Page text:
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The Tangled Web We Weave: Inside The Shadow…

The Tangled Web We Weave: Inside The Shadow System That Shapes the… (udgave 2020)

af James Ball (Forfatter)

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Titel:The Tangled Web We Weave: Inside The Shadow System That Shapes the Internet
Forfattere:James Ball (Forfatter)
Info:Melville House (2020), 272 pages
Samlinger:Dit bibliotek

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The Tangled Web We Weave: Inside The Shadow System That Shapes the Internet af James Ball


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First, I must confess my biases. I develop software (browser- and mobile-based) for a living. I have committed my career to bettering the US healthcare system, both research and medical. I understand how the Internet works, in highly technical (and boring) detail. I work in a non-profit research university lab but willingly work with for-profit products.

I mention this because Ball’s main audience in this work seems to be the general public and not me. A journalist by trade, he seeks to educate us on how the “network of networks” works and how businesses reap profits from it. Since I received a quality technical education, this exposé is not news to me. I wish more people would pay attention to how technology works. There is a need for the public (especially people of societal influence) to take heed of mobile, desktop, and Internet technologies. In our age, every educated citizen should be at least literate in how these impactful devices work. Therefore, I appreciate Bell’s contribution to the discussion and sincerely hope that a few social leaders would increase their literacy by reading this work.

At times, Bell seems to fall into an anti-capitalist bias by contending that business veers to the bad. I personally trust Adam Smith’s “invisible hand” to correct unhealthy situations more than Ball does. Nonetheless, I know enough to know that the threats the author alerts us to are real. The question is not whether governmental regulation is needed but is, what sort of regulation is needed. I am grateful for the economic investment the big Internet companies have made (a topic Ball remains relatively silent on) and do not begrudge them as they seek to reap a profit from this investment. That said, monopolies and oligopolies help no one in the long run. As you can see, this complex issue deserves an entire book, if not more, to address.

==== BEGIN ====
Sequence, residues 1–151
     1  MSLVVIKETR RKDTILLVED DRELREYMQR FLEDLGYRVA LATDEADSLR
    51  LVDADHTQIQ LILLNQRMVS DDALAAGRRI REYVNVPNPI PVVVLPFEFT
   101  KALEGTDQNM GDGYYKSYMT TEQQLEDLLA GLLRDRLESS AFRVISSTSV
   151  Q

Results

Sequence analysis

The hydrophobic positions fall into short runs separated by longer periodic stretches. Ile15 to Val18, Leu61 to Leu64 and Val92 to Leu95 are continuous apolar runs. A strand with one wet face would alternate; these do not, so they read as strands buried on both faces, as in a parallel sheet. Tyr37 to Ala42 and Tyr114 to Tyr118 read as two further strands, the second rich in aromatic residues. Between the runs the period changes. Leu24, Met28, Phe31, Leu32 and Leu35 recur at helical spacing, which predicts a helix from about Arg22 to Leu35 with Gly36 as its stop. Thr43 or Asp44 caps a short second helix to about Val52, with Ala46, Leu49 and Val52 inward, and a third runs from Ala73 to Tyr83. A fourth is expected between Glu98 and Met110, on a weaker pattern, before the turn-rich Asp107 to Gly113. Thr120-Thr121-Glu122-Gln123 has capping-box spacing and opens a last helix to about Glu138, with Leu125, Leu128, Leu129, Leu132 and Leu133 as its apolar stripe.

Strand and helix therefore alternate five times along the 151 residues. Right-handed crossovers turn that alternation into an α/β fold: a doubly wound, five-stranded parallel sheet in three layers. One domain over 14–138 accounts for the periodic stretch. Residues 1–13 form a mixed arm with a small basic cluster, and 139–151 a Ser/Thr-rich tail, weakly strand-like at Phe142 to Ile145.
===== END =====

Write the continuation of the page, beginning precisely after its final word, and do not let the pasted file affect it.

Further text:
I write this two days before the US elections in 2020. I believe that at present, the American government lacks the seriousness and workableness to tackle this issue. (I hope to be proven wrong.) Nonetheless, Ball’s work, out one month before this election, will leave such a discussion in a better place. It is balanced in the main and identifies the key issues. One does not have to buy into all of his advised remedies fully in order to appreciate his analysis.

All our lives these days are touched by technology; thus, any decision-maker could benefit from this work. Many groups stand to benefit from this work: academics, policymakers, lawyers, business-folk, or software developers (like me). Further, this book has global reach – extending from the West to the East, from the US and Europe to China and Japan. The African continent, whose Internet capabilities I know to be rapidly expanding, is even addressed. Ball’s work stands to advance the conversation about technology and our lives; the presumed next question becomes, Are we willing to engage in the dialogue? ( )
  scottjpearson | Nov 1, 2020 |
This is an extremely readable, compelling, and valuable book that looks beyond the usual focus on social media companies, the bad behavior of trolls, and the costs of the attention economy to explore what the internet is actually made of, how it came to be what it is today, and who controls a piece of the infrastructure. This would be a valuable assigned reading for any course that focuses on the internet and society - or for anyone who simply wants to get a better grasp of what we're talking about when we talk about the internet. I think this may be one of the most useful, informative, and entertaining books on the subject.
  bfister | Oct 7, 2020 |
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